As did other states across the U.S., New York ordered casinos to shut down in the middle of March in order to try and prevent the coronavirus from spreading. While other states have rescinded their lockdowns, the Empire State has kept its four commercial casinos closed (tribal gaming facilities set their own rules), and employees of those venues are becoming increasingly frustrated. They have announced their intention to voice their opinions loud and clear this week and are planning on making a run on the state Capitol to ensure the message is heard.
This Thursday at 11 AM Eastern Time, casino workers plan on holding a rally outside the Capitol in Albany. The turnout could be significant, given the fact that the four casinos employ about 5,200 people. In addition to those venues, there are another eight properties that offer video gambling, which also provide jobs for around the same number. Over 10,000 people suddenly crashing the Capitol is certainly going to draw some attention.
Casino.org received an email from Freeman Kloppott, a spokesperson for the New York State Division of the Budget, who tried to explain why the casinos remain closed. He asserted, “Casinos remain closed, along with similar activities across the state, as they invite social gatherings with customers in proximity to each other while eating and drinking, activities that don’t allow for consistent mask-wearing.”
However, that argument doesn’t hold up to scrutiny, as other states have been able to figure out how to allow their gambling facilities to return to business while adhering to strict health and safety protocols. Granted, the protocols haven’t always been effective, but, for the most part, they’re serving their purpose.
The rally has been organized by Vernon Downs manager Greg Mallette, Del Lago Resort & Casino supervisor Valerie McIntyre and Tioga Downs Casino Resort front desk manager Robin Torr. McIntyre told the Auburn Citizen, “We need to work. We don’t want to keep collecting your unemployment.” It isn’t likely that all 10,000+ employees will show up for the event, but, at the very least, it would be a great excuse to get out of the house.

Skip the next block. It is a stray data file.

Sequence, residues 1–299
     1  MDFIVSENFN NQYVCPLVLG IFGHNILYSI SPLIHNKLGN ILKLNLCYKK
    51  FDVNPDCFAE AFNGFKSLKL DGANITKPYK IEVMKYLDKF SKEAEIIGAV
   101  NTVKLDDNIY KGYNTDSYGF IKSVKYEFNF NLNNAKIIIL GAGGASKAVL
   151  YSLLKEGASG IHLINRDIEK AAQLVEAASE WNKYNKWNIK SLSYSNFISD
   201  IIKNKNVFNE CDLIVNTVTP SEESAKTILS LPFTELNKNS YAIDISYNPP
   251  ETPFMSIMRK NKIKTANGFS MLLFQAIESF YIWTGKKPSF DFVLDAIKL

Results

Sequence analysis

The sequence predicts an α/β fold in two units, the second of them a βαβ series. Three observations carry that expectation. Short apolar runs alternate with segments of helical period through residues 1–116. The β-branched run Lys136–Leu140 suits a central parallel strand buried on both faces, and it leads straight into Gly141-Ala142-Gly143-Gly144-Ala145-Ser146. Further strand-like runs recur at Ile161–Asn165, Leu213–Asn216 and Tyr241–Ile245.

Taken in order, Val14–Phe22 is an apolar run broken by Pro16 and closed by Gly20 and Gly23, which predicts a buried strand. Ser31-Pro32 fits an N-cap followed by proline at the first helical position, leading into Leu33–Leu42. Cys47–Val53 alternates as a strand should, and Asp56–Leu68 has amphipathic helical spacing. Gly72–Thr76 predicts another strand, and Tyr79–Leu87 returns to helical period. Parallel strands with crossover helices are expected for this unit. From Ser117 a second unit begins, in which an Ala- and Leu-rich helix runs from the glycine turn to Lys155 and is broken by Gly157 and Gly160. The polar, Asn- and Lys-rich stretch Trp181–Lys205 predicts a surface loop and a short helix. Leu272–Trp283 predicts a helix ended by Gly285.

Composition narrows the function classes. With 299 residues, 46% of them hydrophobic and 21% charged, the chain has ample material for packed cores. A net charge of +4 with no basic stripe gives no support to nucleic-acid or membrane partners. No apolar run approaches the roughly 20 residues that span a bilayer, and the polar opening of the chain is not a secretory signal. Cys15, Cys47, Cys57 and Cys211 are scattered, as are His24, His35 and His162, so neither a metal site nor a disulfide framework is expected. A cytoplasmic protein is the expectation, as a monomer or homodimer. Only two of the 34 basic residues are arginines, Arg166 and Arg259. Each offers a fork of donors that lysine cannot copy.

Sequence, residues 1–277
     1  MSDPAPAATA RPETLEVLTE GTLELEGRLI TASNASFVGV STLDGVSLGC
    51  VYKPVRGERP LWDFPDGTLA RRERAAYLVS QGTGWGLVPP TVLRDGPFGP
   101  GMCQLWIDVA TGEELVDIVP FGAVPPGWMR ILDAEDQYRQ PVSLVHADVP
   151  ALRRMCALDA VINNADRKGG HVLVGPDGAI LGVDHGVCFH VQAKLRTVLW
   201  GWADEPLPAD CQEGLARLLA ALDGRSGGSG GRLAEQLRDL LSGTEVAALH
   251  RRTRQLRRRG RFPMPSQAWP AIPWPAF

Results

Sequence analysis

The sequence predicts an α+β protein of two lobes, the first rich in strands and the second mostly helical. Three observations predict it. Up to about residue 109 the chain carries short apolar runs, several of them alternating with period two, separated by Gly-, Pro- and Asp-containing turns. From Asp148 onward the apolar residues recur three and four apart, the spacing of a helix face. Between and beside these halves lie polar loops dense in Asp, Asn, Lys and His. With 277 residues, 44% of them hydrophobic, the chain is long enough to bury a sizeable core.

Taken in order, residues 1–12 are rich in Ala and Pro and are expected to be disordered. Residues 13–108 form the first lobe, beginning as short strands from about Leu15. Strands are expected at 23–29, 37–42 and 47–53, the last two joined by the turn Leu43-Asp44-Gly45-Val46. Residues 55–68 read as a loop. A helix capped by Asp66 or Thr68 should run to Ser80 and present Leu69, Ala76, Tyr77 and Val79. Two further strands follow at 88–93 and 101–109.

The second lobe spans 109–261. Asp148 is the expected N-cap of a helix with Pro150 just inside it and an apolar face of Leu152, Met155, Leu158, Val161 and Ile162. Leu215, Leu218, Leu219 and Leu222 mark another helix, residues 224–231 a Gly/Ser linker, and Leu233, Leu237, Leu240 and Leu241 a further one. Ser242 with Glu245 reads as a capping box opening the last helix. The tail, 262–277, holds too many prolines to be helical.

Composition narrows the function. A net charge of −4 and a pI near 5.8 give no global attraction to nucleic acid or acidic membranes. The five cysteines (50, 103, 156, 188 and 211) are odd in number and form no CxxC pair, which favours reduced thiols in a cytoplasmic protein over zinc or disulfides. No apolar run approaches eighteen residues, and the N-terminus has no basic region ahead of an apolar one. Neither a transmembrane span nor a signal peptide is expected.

New York Governor Andrew Cuomo has allowed some businesses to already get cranking, and others, such as fitness centers, will have the green light as of August 24. Local governments, however, will be able to override those plans if they feel that there is too great a risk to allow the venues to reopen. With regards to casinos, Cuomo has been eerily silent and has not provided a restart date, only adding fuel to the frustration fire.
New York, like other states, maintains a list quarantine states. This list forces individuals traveling to New York from those states to undergo a mandatory 14-day quarantine. There are 33 states included after Delaware and Alaska were just added, and this makes Cuomo’s unwillingness to move on casinos more perplexing. New York’s infection rate is less than 1% – much lower than that in other states that have reopened their casinos – and, coupled with the quarantine list, would indicate to most that the chances of seeing a spike in COVID-19 cases would remain very slim.
It’s almost as if the governor isn’t a fan of gambling. Given an anticipated revenue shortfall of around $13 billion, and New Yorkers are traveling to New Jersey to fulfill their casino needs, missing out on the revenue stream is going to be costly. If Cuomo is using the situation to entice the federal government into bailing out the state, he’s going to find that it’s not that simple.